‘Men need to change’ to end violence against women: Swedish Justice Minister

A new documentary about a Swedish artist who was assaulted by her partner, a well-known Swedish actor, has stirred debate about violence against women in the Nordic country.

'Men need to change' to end violence against women: Swedish Justice Minister
Sweden's Justice Minister Morgan Johansson spoke after a documentary about Josefin Nilsson, right, put the spotlight on domestic violence. Photo: Karl Melander/Fredrik Persson/TT

The number of women who have reported being assaulted by a partner has decreased since 2015, when the Swedish government vowed to implement a national strategy against domestic violence.

In 2017 just below 10,000 cases were reported to the police. But when national number crunchers Statistics Sweden in 2014 carried out a survey on behalf of the National Centre for Knowledge on Men's Violence Against Women, based at Uppsala University, a total of 14 percent of Swedish women (almost half a million) said they had been exposed to violence or the threat of violence in a relationship.

A documentary about Josefin Nilsson, a well-known Swedish singer who passed away in 2016 from an enlarged heart and accidental overdose of prescription drugs, this week put the issue back on the agenda.

READ ALSO: One year on, what did #MeToo achieve in Sweden?

In the film, based on an unpublished autobiography Nilsson had been working on before she died, her sister and friends tell of the violence the artist suffered at the hands of her then-partner back in the 90s.

Her ex-partner, who is not among those Swedish stars who have made a big name for themselves abroad, but is domestically one of the country's most well-known theatre and movie actors, was convicted in court in the late 90s for assault. Nilsson received psychological and physical injuries that never healed. The actor was never named by Swedish media, but has continued acting in major theatre productions since.

The Royal Dramatic Theatre – Sweden's national theatre stage – on Monday said it had decided to end one of its ongoing productions early after widespread criticism and protests outside its doors.

Sweden's Culture Minister Amanda Lind said she would meet with theatre bosses, starting with the Royal Dramatic Theatre on Tuesday, to discuss their work to combat sexual harassment.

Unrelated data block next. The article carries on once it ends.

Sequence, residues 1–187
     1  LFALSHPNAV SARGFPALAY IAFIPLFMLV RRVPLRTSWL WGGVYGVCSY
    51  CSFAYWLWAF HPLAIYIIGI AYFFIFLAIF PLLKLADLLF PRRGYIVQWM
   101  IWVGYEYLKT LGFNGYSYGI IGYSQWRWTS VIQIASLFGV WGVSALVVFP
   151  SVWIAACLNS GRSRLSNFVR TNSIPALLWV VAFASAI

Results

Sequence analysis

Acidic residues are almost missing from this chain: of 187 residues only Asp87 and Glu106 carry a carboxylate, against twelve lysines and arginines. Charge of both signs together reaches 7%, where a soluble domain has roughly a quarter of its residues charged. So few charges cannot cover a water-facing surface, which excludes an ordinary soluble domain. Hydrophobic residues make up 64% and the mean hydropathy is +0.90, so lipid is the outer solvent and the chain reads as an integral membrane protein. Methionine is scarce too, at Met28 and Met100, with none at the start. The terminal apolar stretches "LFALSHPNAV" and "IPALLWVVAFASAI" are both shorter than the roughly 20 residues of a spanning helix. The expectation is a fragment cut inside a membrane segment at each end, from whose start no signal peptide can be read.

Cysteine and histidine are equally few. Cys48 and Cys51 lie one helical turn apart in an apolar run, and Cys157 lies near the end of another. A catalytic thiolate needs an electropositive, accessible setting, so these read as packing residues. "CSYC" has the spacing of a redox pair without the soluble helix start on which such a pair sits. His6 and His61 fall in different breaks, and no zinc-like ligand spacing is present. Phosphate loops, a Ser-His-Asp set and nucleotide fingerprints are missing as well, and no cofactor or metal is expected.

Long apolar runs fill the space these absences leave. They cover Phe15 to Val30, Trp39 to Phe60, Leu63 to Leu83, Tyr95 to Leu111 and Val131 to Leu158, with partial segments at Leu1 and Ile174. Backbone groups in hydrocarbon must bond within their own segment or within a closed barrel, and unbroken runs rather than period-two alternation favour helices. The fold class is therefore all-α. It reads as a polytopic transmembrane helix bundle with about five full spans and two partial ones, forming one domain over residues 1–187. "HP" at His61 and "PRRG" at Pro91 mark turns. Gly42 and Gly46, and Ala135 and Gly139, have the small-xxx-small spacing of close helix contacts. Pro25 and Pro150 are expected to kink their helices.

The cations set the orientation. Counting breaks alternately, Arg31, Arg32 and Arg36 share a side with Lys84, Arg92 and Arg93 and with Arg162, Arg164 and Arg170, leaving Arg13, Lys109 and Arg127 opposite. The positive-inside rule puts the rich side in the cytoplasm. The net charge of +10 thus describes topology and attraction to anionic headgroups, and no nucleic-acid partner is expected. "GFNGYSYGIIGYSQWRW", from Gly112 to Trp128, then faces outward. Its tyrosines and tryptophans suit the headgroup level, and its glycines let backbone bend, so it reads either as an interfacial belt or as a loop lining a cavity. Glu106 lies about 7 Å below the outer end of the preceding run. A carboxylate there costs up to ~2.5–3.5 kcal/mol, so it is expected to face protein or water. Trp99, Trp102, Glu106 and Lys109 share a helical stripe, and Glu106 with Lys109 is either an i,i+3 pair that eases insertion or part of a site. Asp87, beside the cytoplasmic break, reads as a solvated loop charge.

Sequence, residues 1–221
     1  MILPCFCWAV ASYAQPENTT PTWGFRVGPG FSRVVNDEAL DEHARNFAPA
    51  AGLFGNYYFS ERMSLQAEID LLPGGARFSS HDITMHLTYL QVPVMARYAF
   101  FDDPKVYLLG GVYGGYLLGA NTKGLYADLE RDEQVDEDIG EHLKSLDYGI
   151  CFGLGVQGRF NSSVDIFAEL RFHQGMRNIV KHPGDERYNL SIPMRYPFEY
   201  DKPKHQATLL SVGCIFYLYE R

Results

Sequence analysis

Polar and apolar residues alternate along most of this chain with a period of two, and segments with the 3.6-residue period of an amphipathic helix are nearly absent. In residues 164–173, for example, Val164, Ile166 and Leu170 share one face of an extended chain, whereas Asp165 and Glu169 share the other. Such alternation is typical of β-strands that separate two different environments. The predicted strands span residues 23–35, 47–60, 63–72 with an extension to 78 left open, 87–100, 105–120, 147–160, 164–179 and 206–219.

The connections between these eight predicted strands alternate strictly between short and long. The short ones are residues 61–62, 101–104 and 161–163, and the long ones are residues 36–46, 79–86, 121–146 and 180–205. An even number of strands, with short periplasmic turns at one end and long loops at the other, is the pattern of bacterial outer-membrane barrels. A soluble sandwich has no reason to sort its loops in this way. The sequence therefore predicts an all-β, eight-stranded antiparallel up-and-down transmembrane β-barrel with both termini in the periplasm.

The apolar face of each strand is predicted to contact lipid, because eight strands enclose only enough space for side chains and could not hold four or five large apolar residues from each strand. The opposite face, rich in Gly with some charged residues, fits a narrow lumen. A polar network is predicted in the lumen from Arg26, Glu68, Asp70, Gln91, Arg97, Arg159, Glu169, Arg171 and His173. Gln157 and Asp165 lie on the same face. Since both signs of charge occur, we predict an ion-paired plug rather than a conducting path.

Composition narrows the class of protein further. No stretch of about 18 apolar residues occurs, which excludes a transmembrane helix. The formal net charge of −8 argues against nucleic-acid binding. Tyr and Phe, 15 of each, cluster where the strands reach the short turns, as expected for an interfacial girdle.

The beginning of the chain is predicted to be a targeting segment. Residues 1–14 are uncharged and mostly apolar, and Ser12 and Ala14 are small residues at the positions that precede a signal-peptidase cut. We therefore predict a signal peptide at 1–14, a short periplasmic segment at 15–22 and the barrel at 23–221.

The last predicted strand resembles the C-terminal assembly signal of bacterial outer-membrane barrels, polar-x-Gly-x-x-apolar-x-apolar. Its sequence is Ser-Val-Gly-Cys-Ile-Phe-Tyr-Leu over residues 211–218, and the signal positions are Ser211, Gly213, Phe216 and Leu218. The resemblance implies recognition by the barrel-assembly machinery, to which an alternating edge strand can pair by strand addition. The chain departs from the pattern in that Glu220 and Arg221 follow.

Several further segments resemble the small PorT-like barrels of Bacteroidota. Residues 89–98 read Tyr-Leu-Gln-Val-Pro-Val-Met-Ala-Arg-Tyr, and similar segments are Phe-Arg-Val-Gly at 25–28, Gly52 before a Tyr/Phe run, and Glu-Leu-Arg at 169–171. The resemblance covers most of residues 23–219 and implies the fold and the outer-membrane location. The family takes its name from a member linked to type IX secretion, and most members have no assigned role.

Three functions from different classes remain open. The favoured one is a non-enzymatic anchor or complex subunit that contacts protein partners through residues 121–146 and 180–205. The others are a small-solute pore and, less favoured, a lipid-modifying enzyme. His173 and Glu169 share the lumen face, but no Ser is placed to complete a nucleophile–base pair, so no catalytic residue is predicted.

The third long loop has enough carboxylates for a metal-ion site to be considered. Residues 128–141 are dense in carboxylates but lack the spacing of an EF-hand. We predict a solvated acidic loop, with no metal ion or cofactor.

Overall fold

Sweden's Justice Minister Morgan Johansson welcomed that the documentary highlights violence against women, and said that more things needed to be done to crack down on the overall issue.

“It's structural oppression. Us men need to change our attitudes to stop this,” he told newswire TT.

He said a series of law changes in the past years strongly condemn violence against women.

“But I would wish that more men came out and distanced themselves from humiliation and abuse of women even in daily life,” Johansson added.

READ ALSO: What does the #MeToo campaign reveal about Swedish feminism?

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Swedish Green leader: ‘Easter riots nothing to do with religion or ethnicity’

The riots that rocked Swedish cities over the Easter holidays were nothing to do with religion or ethnicity, but instead come down to class, the joint leader of Sweden's Green Party has told The Local in an interview.

Swedish Green leader: 'Easter riots nothing to do with religion or ethnicity'

Ahead of a visit to the school in Rosengård that was damaged in the rioting, Märta Stenevi said that neither the Danish extremist Rasmus Paludan, who provoked the riots by burning copies of the Koran, nor those who rioted, injuring 104 policemen, were ultimately motivated by religion. 

“His demonstration had nothing to do with religion or with Islam. It has everything to do with being a right extremist and trying to to raise a lot of conflict between groups in Sweden,” she said of Paludan’s protests. 

“On the other side, the police have now stated that there were a lot of connections to organised crime and gangs, who see this as an opportunity to raise hell within their communities.”

Riots broke out in the Swedish cities of Malmö, Stockholm, Norrköping, Linköping and Landskrona over the Easter holidays as a result of Paludan’s tour of the cities, which saw him burn multiple copies of the Koran, the holy book of Islam. 


More than 100 police officers were injured in the riots, sparking debates about hate-crime legislation and about law and order. 

According to Stenevi, the real cause of the disorder is the way inequality has increased in Sweden in recent decades. 

“If you have big chasms between the rich people and poor people in a country, you will also have a social upheaval and social disturbance. This is well-documented all across the world,” she says. 
“What we have done for the past three decades in Sweden is to create a wider and wider gap between those who have a lot and those who have nothing.” 

The worst way of reacting to the riots, she argues, is that of Sweden’s right-wing parties. 
“You cannot do it by punishment, by adding to the sense of outsider status, you have to start working on actually including people, and that happens through old-fashioned things such as education, and a proper minimum income, to lift people out of their poverty, not to keep them there.”

This, she says, is “ridiculous”, when the long-term solution lies in doing what Sweden did to end extreme inequality at the start of the 20th century, when it created the socialist folkhem, or “people’s home”. 

“It’s easy to forget that 100 to 150 years ago, Sweden was a developing country, with a huge class of poor people with no education whatsoever. And we did this huge lift of a whole nation. And we can do this again,” she says. “But it needs resources, it needs political will.”